Legal psilocybin backers in Jackson Co. promote its’ therapeutic use

JACKSON COUNTY, Ore.– A local group backing legal psilocybin use in Jackson County is working to inform people about what they say are the benefits of the drug.

The initiative wants to see psilocybin approved by cities and counties across Southern Oregon, after it got statewide voter approval in 2020.

The event was held at the Buckhorn Springs Resort, which was bought by the Netherlands-based Synthesis Institute.

The institute wants to host psilocybin retreats there in 2023.

Tom Eckert was among the speakers. He’s the architect of measure 109, which legalized psilocybin therapy.

The Psilocybin Services Initiative stressed that measure 109 only legalizes the drug for therapeutic use.

They say there’s a lot of misinformation out there, including misconceptions about the drug being used recreationally.

Dr. Anthony Smith Ph.D said, “with either one or maybe two therapeutic psychedelic mushroom experiences, people can find eighty percent or greater effectiveness in quitting smoking or quitting gambling.”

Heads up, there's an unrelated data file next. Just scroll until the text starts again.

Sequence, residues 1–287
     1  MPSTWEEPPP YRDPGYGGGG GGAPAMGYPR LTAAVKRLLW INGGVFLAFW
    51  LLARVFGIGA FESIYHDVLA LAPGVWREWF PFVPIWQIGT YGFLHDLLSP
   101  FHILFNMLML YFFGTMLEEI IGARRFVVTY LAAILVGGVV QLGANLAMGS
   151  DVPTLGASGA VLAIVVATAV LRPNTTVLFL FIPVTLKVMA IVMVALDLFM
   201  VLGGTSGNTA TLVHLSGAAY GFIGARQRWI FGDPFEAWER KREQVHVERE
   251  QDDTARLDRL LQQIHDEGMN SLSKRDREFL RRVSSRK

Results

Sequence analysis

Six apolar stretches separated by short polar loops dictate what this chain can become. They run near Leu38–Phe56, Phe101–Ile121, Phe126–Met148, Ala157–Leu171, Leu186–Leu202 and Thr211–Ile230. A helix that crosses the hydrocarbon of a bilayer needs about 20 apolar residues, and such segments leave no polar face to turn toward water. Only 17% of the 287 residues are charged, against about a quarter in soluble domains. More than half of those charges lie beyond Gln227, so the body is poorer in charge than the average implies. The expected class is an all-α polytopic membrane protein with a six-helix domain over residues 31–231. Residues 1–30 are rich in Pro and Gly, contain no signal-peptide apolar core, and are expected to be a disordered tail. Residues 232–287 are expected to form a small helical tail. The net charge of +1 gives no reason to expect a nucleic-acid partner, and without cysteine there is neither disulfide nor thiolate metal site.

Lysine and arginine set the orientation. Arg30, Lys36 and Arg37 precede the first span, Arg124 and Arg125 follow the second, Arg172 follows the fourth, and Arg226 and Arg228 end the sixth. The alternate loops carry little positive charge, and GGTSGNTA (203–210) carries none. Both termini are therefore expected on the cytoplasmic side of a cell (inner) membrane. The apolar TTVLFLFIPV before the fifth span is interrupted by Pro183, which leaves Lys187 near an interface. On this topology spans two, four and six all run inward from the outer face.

Jackson County will vote on whether or not to allow psilocybin in November.

That vote will affect unincorporated Jackson County, including the land Buckhorn Springs Resort is on.

The Josephine County Board of Commissioners already decided to wait until its cities decided on the drug.

The Central Point city council voted last night to put psilocybin on their November ballot as well.

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Former NBC5 News reporter Derek Strom is from Renton, Washington. He recently graduated from the Edward R. Murrow College of Communications at Washington State University with a degree in Broadcast News and a minor in Sports Management. He played in the drumline with the WSU marching band. These days, he plays the guitar and piano. Derek is a devoted fan of the Mariners, Seahawks, and Kraken.
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